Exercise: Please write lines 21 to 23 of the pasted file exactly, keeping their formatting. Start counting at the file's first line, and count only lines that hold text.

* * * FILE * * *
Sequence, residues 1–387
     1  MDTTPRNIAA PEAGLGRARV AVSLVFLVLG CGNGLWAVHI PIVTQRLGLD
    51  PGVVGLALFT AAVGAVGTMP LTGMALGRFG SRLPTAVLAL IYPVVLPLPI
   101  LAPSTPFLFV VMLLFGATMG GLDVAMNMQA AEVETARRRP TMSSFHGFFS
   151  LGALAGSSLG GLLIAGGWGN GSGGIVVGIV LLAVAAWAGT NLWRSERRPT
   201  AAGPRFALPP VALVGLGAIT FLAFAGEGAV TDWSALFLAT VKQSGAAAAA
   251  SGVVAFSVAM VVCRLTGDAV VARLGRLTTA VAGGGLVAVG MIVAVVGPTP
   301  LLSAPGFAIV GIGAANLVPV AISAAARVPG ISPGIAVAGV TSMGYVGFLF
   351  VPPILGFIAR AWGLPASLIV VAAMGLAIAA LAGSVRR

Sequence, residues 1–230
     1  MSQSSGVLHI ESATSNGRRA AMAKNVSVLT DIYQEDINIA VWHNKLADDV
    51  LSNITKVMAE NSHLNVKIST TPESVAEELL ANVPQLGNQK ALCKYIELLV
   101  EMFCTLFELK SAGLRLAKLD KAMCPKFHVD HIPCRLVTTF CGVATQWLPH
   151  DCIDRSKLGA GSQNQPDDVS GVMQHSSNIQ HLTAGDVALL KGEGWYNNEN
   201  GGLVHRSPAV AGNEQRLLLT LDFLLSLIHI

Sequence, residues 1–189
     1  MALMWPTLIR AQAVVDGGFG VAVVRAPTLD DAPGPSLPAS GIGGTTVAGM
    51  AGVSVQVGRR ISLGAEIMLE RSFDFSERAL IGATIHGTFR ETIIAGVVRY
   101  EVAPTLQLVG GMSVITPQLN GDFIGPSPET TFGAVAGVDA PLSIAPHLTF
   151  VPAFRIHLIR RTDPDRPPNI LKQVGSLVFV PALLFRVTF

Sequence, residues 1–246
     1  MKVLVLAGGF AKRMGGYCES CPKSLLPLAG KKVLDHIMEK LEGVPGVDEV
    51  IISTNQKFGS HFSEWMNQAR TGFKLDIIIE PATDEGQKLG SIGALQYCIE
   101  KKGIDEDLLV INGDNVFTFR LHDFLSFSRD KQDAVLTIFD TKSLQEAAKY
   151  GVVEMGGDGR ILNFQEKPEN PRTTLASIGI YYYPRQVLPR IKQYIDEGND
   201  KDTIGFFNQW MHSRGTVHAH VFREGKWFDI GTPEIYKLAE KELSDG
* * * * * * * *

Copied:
Sequence, residues 1–246
     1  MKVLVLAGGF AKRMGGYCES CPKSLLPLAG KKVLDHIMEK LEGVPGVDEV
    51  IISTNQKFGS HFSEWMNQAR TGFKLDIIIE PATDEGQKLG SIGALQYCIE